Several Factors Led to July 2011 Runway Overrun at the St. John's International Airport

Several Factors Led to July 2011 Runway Overrun at the St. John's 
International Airport 
GATINEAU, QC, Feb. 13, 2013 /CNW/ - The Transportation Safety Board of Canada 
(TSB) today released its investigation report (A11A0035) regarding the 16 July 
2011 runway overrun of a Kelowna Flightcraft Boeing 727 cargo aircraft at St. 
John's International Airport, Newfoundland and Labrador. There were no 
injuries to the three crew members, and damage to the aircraft was minor. 
TSB investigators found that the aircraft landed at a higher than normal speed 
and almost 2000 feet down the runway. This meant that there was less runway 
distance available to stop. A combination of worn tires and a wet runway 
caused the aircraft to hydroplane during braking, resulting in a loss of 
directional control and the runway overrun. 
This accident underscores why the issue of runway overruns is on the TSB 
Watchlist and why action is needed to prevent future occurrences. Pilots need 
timely reports on runway surface conditions to prepare for safe landings. When 
an overrun occurs, longer runway-end safety areas, or engineered systems and 
structures designed to stop aircraft, can prevent injuries and aircraft damage. 
At the time of the accident, the runway surface-condition reporting standards 
did not provide clear direction for rainy conditions or wet runways. The 
investigation found that some employees of the airline did not understand the 
obligations for reporting incidents under the safety management system 
(SMS)—SMS is also on the TSB Watchlist. Although training was provided on 
SMS and reporting requirements, there was no specific guidance on what may be 
considered a reportable hazard. If all employees do not fully understand their 
reporting obligations, some safety issues go unreported, which increases the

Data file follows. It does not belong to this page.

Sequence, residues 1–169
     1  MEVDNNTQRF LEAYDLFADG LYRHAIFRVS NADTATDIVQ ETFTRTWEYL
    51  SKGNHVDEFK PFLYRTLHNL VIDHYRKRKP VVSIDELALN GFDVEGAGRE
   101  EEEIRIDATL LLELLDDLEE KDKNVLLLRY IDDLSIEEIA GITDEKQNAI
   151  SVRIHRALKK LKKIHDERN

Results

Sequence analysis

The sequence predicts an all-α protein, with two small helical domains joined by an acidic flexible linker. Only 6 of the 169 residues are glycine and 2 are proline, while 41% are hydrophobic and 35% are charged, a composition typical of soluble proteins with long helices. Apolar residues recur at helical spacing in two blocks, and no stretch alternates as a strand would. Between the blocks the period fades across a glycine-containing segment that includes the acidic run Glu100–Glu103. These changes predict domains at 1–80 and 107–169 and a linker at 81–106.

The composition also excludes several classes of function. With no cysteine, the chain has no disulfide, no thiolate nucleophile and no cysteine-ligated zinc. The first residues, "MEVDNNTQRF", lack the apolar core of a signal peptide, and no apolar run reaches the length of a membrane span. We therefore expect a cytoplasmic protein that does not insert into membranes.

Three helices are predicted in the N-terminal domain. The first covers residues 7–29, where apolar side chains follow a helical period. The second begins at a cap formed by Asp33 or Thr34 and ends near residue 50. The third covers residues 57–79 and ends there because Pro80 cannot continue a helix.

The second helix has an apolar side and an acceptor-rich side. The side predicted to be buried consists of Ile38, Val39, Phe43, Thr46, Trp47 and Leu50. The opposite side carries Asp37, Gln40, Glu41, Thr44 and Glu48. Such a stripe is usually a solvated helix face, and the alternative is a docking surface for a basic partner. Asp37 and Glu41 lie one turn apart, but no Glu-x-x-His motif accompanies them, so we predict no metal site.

risk that those issues might not be identified and mitigated. 
Since the accident, Kelowna Flightcraft has improved training for its pilots 
on landing distances, braking, wet and contaminated runways, and crosswind 
landings. The St. John's International Airport Authority implemented an 
expanded runway-friction testing program to gain a better understanding of the 
overall condition of their runways when they are wet. 
|The Watchlist — based on an analysis of hundreds of TSB        |
|investigation reports, safety concerns and Board recommendations     |
|— identifies the transportation safety issues that pose the    |
|greatest risk to Canadians. In each case, the TSB has found that     |
|actions taken to date are inadequate, and that industry and the      |
|regulators need to take additional concrete measures to eliminate the|
|risks.                                                               |
The TSB is an independent agency that investigates marine, pipeline, railway 
and aviation transportation occurrences. Its sole aim is the advancement of 
transportation safety. It is not the function of the Board to assign fault or 
determine civil or criminal liability. 
TSB Media Relations 819-994-8053 
Find us on the Web Follow us on Twitter@TSBCanada. 
Watch us on YouTube/TSBCanada. 
SOURCE: Transportation Safety Board of Canada 
To view this news release in HTML formatting, please use the following URL: 
CO: Government of Canada
ST: Quebec
-0- Feb/13/2013 16:00 GMT
Press spacebar to pause and continue. Press esc to stop.